A man convicted of murder as a teenager and imprisoned 28 years ago was released from earlier this month after much of the original trial's evidence was discredited.
Although a North Carolina judge ruled that there was not enough evidence to justify the conviction of a then 15-year-old Johnny Small for a 1988 murder, the now 43-year-old remains under house arrest and restrictive pretrial conditions while prosecutors decide whether to re-file charges.
The judge determined police withheld key evidence and that it was physically impossible for a supposed eye-witness to be at the murder site at the time she reported seeing Small. A buddy of Small, who testified at the trial, said he was pressured to fabricate a story by police who threatened to charge him as an accomplice.
Almost 150 people falsely convicted of crimes were exonerated in 2015, a record number, according to the National Registry of Exonerations. The registry is a project of the University of Michigan Law School and has documented more than 1,850 such cases in the U.S. The 149 defendants who were exonerated in 2015 had served an average of nearly 15 years in prison.
According to the report:
- A record 75 exonerations were cases in which no crime actually occurred. A number of these were old murder cases involving arson that turned out to be accidental fires.
- A record 27 exonerations were for convictions based on false confessions. More than 80 percent of these false confessions were in homicide cases, mostly by defendants who were under 18 or mentally handicapped or both.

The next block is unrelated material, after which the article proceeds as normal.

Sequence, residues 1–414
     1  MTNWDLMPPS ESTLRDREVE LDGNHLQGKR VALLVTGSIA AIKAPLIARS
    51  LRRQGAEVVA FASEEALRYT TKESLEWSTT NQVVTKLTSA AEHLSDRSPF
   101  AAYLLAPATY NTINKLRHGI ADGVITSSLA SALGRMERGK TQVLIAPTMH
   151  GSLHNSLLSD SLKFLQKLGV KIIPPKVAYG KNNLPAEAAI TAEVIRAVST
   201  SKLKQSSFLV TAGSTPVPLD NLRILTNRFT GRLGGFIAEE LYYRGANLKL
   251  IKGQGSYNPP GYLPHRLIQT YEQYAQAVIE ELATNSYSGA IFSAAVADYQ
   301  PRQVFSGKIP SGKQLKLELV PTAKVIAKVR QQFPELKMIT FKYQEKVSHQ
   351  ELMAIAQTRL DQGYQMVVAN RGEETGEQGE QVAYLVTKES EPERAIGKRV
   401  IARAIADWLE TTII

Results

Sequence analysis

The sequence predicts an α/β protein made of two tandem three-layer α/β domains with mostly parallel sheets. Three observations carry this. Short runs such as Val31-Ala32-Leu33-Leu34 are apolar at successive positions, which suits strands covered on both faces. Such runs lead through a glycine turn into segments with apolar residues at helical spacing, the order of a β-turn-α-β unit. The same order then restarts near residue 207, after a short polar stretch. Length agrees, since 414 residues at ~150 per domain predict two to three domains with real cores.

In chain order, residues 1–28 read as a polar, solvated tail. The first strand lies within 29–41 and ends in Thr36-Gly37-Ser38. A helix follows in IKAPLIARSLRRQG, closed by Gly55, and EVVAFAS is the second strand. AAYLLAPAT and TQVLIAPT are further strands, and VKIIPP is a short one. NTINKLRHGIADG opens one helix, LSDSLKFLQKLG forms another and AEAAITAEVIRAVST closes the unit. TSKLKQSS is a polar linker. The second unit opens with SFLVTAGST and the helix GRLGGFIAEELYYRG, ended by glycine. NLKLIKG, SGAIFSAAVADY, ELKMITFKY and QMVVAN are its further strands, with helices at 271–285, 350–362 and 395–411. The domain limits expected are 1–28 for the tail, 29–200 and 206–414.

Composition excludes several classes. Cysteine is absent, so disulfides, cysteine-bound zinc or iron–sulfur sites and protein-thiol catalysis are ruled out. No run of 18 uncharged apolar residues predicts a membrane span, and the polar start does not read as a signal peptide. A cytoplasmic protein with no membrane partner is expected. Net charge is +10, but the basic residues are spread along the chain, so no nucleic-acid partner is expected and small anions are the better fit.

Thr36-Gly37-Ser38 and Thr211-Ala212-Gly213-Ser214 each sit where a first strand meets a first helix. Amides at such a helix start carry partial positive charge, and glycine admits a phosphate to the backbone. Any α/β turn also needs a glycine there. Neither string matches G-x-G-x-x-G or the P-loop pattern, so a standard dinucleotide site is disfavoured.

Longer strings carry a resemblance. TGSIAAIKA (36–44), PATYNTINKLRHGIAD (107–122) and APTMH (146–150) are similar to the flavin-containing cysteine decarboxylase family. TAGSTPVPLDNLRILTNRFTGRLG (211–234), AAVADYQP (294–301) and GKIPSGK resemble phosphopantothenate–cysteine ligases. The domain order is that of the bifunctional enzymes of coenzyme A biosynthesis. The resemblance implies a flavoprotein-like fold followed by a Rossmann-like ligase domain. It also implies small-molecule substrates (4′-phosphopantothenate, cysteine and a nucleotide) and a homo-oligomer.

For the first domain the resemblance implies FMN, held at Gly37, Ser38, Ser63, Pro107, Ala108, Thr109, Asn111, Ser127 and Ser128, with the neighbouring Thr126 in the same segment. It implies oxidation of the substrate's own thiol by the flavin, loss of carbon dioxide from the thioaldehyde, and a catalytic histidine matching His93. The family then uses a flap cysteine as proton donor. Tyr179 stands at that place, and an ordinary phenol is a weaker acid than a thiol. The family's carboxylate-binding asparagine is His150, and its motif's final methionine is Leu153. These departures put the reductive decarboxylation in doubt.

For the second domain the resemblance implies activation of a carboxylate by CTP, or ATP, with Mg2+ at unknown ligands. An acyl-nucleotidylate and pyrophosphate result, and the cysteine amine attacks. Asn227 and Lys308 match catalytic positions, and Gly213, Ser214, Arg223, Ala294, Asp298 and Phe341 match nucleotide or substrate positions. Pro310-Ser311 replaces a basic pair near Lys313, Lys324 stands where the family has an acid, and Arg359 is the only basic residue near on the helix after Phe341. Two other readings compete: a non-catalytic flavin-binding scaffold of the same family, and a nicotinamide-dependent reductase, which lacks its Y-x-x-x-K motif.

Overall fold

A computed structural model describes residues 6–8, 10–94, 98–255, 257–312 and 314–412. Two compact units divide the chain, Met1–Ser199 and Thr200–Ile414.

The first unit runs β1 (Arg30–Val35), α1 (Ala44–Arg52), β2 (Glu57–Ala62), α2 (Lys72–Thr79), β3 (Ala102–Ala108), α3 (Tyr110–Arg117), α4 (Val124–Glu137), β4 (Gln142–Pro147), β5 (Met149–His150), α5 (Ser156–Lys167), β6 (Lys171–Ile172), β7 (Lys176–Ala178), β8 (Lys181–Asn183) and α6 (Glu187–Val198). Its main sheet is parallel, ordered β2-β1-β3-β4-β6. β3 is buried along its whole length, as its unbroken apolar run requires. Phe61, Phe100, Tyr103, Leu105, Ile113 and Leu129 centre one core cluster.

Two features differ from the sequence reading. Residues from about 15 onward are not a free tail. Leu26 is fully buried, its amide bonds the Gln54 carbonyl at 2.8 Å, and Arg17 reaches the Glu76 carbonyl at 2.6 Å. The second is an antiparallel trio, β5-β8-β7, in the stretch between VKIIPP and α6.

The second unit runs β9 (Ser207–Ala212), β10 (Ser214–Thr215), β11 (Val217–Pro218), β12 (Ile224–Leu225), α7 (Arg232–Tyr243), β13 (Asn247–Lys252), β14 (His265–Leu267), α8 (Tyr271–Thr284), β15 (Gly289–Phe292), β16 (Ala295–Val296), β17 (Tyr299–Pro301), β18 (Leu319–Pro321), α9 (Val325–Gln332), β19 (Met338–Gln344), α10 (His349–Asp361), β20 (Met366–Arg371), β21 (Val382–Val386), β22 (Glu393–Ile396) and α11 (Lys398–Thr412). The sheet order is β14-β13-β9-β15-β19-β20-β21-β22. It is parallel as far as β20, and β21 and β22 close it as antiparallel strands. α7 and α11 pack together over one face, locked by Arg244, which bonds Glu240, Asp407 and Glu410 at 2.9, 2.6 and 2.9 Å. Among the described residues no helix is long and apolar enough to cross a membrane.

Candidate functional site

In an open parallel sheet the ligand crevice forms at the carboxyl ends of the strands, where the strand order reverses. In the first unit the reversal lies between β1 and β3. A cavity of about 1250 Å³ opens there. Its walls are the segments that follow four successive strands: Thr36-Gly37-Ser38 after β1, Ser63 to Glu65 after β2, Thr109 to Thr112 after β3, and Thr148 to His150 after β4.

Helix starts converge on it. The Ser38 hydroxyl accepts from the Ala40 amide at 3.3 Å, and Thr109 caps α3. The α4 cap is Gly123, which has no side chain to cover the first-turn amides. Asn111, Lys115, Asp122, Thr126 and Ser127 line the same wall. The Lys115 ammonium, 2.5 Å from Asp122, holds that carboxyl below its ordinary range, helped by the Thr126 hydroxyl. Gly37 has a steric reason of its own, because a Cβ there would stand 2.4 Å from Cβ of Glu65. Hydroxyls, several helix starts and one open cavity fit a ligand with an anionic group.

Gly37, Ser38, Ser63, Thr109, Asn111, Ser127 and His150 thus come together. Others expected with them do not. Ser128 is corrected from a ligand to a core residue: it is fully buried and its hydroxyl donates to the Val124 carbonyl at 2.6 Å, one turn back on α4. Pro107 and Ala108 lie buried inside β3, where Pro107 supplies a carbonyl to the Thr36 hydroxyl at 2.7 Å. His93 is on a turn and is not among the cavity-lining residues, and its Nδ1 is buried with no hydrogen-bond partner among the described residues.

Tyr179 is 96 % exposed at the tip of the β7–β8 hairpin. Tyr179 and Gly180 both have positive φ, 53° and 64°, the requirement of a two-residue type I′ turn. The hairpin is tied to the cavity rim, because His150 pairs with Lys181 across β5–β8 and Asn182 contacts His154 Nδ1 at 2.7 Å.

- In at least 65 of the exonerations official misconduct occurred. It was a factor in 75 percent of the homicide exonerations, a number that is even bigger in cases where there were false confessions. Eighty-two percent of those were the product of misconduct by police or prosecutors.
- A record 65 exonerations were for convictions based on innocent defendants who plead guilty. The majority of the pleas were in drug cases. Defendants who pleaded guilty to crimes they did not commit tended to be mentally ill, intellectually disabled, or under the threat of an even longer prison sentence should they go to trial.
- Five of those exonerated were death row inmates, three of whom had been on death row for more than 20 years.
No matter the crime or the circumstances, every defendant has a right to representation by a qualified attorney. If you have been arrested and face criminal charges, or if you have been falsely convicted, call the Seattle law office of Steve Karimi at (206) 621-8777 or contact him online.